Large cities including Los Angeles and San Francisco have since announced their own hotel room goals, some of which, if met locally, could end up doubling or tripling the state’s total number. But the move-in process has been slow overall, with a lack of information available for at-risk residents, and finger-pointing between cities and service providers for causing delays.

San Francisco, like Los Angeles and San Diego, had at first focused on moving unhoused people into large emergency shelters instead of hotel rooms. But shelters—along with other congregate living situations where people are sharing bathrooms, eating areas, and spaces to sleep—don’t offer protection against outbreaks of infectious diseases like COVID-19, says Steve Berg, vice president for programs and policy at the National Alliance to End Homelessness.

“The CDC has guidelines for what they should be doing, but even if you’re following those guidelines it’s not a guarantee of safety,” says Berg. “If someone contracts the virus, there will be a risk to others.”

Last week, after the announcement of a major outbreak in San Francisco’s largest shelter, where at least 92 homeless residents have tested positive, county supervisors passed an ordinance that set a deadline for its 7,500 hotel rooms to be filled with homeless or at-risk residents by April 26—essentially ordering San Francisco Mayor London Breed to commandeer the rooms if the deals are not made. This would effectively house much of the city’s homeless population, COVID-positive or not. As of April 13, only 500 homeless residents had been moved into rooms, although city officials say the number is now over 700. The process has been so slow some supervisors are raising money through faith-based groups to move people into hotels themselves.

Chris Herring, a doctoral candidate in sociology at the University of California at Berkeley and homeless advocate in the Bay Area, says that San Francisco is taking the right approach overall. He argues that commandeering the empty hotels will save lives now, and being able to keep them filled until tourist demand ramps back up could give tens of thousands of unhoused residents enough short-term stability to allow caseworkers to place them into long-term housing after the pandemic is over.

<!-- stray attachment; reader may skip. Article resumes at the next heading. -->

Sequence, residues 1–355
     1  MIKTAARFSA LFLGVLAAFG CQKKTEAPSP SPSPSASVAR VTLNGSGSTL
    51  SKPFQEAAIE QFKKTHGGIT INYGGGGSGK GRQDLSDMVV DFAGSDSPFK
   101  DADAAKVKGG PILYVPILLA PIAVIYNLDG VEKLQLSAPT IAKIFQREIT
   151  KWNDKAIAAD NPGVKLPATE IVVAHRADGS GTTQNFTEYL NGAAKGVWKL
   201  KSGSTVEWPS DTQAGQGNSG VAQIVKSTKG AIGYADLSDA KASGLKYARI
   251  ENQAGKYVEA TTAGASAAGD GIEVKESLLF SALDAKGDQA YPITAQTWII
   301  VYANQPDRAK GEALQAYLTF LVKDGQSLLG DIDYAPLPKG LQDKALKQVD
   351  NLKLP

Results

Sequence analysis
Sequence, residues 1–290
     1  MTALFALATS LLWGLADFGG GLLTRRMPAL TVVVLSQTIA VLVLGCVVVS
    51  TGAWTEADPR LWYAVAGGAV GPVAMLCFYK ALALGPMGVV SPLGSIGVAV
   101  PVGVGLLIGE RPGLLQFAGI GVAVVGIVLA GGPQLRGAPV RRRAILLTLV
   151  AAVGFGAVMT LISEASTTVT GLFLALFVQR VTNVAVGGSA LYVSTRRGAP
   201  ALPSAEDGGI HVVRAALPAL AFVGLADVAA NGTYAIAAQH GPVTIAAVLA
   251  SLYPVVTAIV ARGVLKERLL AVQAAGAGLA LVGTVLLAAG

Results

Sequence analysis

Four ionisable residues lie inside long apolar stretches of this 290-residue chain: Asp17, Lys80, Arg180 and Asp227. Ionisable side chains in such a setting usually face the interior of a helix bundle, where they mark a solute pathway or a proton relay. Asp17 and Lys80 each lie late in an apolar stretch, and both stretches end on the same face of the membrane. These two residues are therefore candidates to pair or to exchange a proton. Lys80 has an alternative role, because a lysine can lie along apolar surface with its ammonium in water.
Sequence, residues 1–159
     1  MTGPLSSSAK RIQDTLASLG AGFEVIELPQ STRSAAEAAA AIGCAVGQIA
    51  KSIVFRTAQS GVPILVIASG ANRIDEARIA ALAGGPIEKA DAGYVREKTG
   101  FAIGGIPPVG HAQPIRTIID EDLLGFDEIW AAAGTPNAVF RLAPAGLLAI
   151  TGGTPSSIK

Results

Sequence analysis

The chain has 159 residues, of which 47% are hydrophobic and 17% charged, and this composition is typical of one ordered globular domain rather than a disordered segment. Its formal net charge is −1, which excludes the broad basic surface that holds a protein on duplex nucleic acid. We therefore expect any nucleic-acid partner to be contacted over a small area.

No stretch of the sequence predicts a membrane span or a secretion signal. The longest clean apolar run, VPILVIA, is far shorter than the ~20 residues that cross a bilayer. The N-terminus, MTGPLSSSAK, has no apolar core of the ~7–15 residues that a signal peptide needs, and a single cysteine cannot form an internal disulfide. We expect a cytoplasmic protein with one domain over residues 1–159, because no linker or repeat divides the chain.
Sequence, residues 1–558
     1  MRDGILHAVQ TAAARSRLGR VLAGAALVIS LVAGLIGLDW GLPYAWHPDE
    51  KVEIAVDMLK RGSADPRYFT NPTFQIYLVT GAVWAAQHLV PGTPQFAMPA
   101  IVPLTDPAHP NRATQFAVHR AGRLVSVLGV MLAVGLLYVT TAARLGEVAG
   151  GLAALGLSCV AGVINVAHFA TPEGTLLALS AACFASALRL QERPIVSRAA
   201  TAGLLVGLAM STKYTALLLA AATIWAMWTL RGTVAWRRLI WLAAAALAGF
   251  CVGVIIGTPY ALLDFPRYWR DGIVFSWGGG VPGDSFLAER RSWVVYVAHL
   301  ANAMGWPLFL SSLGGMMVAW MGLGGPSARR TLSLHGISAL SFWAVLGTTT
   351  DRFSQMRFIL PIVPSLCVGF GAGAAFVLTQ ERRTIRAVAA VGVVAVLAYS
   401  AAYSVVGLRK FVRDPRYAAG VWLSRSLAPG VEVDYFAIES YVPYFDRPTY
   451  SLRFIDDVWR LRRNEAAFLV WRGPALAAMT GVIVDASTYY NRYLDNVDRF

“We should think of this as the ideal triage strategy,” says Herring. “Use the hotel as a pause to get people safe and see if we can meet their needs better than we could before. Then, as that hotel stock runs down, let’s fight like hell to get stimulus money, Section 8 vouchers, or permanent supportive housing.”

According to Los Angeles Mayor Eric Garcetti, that’s the goal in LA, where the city has 36,000 unhoused residents. “In this crisis we have a new countywide plan to find thousands of hotel and motel rooms to prevent the spread of the virus among people experiencing homelessness,” he said in his State of the City address on April 19. “And once those fellow Angelenos come inside, they must not return to the streets.”

On April 8, LA County officials set a goal to fill 15,000 hotel rooms by the end of the month, with 1,340 rooms meant to be occupied at 15 sites by the end of that week. But by April 13, only 514 rooms at eight hotels had been filled. One week later, the number of occupied rooms stood at 749.

According to LAHSA’s Christopher Yee, what might be slowing down move-ins from the service provider perspective is the fact that the deals are “master leases” which require a buyout of the entire hotel property, meaning all existing guests must complete their stays before Project Roomkey guests can be moved in.

In his nightly addresses, Garcetti often asks hotel and motel owners to reach out, inferring that the city is still in need of rooms. But he has also said that there are plenty of rooms available and the slowdown is due to the service providers. “I would implore everybody who is working in the homeless services space… to continue getting people more quickly into these rooms,” said Garcetti on April 16. “It’s not about commandeering rooms, it’s not like there’s a list of 2,000 people and we only have 1,000 rooms, it’s the opposite.”